For example, measuring employee engagement moves to impact when it is linked to customer engagement and financial results. Too often, some of the enthusiasm for employee experience is about the experience and not the real value: the impact of this experience on key stakeholders such as customers and investors. This logic for all HR practices is shown in the following figure.

How Analytics?

If analytics matters (why) and links to business impact (what), the challenge is to make analytics happen (how). My colleagues and I have worked with dozens of companies endeavoring to create analytics capability that delivers business value. Often the desire to perform analytics for decision making with impact lacks focus because so many things to measure and actions to take make knowing where to start unclear. As we have worked to implement analytics for impact, we have identified ten actions or criteria HR professionals could take to assess their HR analytics. These ten criteria and actions help HR professionals focus on a starting point and know how to move forward with analytics work. While a total score over 70 indicates a good analytics capability, this assessment can also help HR professionals identify specific actions that could improve their organization's analytics capability.

Dimension of HR Analytics Efforts To what extent do our analytics efforts 1 Low, 10 High
1. Start with business results that matter (e.g., customer, financial results) rather than HR activities?
2. Measure the impact of bundling HR practices (e.g., every HR practice emphasizes the same issues)?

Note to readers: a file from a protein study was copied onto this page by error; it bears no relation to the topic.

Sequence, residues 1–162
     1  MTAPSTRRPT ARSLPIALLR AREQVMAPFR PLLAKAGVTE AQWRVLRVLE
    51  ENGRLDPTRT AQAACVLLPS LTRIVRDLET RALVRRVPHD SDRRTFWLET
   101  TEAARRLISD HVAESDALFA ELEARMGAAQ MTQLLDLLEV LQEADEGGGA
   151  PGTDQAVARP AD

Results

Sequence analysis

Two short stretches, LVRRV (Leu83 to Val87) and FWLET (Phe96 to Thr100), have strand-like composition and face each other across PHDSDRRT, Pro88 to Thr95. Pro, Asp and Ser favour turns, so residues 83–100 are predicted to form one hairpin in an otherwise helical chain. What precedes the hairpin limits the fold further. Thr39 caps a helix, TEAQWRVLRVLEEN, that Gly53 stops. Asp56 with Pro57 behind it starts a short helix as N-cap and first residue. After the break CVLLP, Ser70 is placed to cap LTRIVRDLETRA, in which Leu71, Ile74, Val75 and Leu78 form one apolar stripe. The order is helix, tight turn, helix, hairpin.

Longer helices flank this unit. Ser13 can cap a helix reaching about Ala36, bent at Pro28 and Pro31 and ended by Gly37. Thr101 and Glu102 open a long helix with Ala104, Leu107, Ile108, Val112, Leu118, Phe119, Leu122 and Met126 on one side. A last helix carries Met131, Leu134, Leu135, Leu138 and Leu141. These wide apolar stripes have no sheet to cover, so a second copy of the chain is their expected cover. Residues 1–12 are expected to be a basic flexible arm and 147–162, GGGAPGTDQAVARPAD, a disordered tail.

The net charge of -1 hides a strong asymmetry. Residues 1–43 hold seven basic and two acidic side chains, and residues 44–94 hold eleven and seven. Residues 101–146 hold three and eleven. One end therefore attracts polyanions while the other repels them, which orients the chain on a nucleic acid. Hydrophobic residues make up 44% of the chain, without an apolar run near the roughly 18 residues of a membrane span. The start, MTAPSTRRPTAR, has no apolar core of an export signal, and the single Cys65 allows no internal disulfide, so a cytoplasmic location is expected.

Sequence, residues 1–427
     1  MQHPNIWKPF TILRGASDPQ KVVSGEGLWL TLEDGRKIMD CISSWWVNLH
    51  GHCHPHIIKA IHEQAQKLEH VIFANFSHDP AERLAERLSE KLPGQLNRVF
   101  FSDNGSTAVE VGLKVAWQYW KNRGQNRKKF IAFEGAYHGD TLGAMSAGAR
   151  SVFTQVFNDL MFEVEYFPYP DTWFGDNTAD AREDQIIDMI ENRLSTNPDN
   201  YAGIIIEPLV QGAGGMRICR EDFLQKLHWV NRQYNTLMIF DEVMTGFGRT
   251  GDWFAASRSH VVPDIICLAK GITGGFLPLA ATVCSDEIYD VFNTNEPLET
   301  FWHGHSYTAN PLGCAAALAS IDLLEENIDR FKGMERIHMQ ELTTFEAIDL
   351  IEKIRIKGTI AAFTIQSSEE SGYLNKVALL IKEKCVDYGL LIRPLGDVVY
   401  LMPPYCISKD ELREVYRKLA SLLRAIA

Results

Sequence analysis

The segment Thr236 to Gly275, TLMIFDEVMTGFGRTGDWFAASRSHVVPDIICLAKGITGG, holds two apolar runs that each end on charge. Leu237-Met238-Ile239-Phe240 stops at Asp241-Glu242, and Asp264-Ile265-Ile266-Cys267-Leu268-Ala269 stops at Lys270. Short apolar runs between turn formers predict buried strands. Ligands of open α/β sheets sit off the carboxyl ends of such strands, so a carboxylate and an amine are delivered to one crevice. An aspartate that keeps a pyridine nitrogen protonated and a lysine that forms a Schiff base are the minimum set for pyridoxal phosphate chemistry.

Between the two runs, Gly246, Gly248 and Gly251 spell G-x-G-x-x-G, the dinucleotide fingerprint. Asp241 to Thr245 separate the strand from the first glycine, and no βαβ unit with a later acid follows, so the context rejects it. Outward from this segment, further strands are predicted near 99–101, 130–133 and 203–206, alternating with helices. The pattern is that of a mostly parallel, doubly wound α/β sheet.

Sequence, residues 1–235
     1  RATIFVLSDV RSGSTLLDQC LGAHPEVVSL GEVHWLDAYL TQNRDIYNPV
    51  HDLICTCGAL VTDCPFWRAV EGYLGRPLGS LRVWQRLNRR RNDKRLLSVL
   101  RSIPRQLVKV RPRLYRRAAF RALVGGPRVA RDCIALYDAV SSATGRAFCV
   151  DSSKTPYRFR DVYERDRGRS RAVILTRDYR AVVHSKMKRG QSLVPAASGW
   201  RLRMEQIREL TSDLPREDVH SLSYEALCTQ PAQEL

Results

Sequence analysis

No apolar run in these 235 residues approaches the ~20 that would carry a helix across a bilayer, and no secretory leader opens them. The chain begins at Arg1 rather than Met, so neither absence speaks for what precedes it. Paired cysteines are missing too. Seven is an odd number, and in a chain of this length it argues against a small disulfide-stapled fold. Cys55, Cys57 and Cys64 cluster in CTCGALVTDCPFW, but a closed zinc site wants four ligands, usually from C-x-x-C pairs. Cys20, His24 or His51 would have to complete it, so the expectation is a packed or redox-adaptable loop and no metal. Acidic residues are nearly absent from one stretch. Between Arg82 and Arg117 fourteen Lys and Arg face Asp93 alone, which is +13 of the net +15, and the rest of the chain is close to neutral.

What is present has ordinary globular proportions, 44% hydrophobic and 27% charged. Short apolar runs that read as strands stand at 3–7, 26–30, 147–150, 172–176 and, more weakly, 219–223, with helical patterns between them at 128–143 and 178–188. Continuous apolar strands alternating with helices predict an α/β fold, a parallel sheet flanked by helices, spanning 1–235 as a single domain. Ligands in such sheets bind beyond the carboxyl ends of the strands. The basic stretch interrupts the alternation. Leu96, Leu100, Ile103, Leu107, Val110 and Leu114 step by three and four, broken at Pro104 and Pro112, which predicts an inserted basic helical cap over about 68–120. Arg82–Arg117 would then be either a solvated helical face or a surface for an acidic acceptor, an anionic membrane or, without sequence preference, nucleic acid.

3. Turn empirical insights into actions?
4. Show a cause and effect between HR investments and results that matter?
5. Predict what might happen in the future more than report what has happened in the past?
6. Use data to make more informed decisions?
7 Connect HR-related data (around talent, leadership, and organization) to other business data?
8. Use insights from unstructured or qualitative data as well as structured or quantitative data?
9. Use data to ensure accountability
10. Keep reporting dashboards simple and usable?

Obviously, information-rich decisions are more likely to be effective than information-poor decisions, but navigating the firehose of knowledge available requires analytics. And knowing how to use the right analytics to turn information into improved decision making comes from answering the why, what, and how questions of analytics. The how question is certainly difficult to answer for each organization with all the ways of talking about analytics. So the ten-item assessment helps HR professionals determine their overall analytics capability and identify improvement areas to truly make better decisions and enhance business results.

So, What Analytics do you do on your HR Analytics?

The author is Rensis Likert Professor, Ross School of Business, University of Michigan and he can be reached at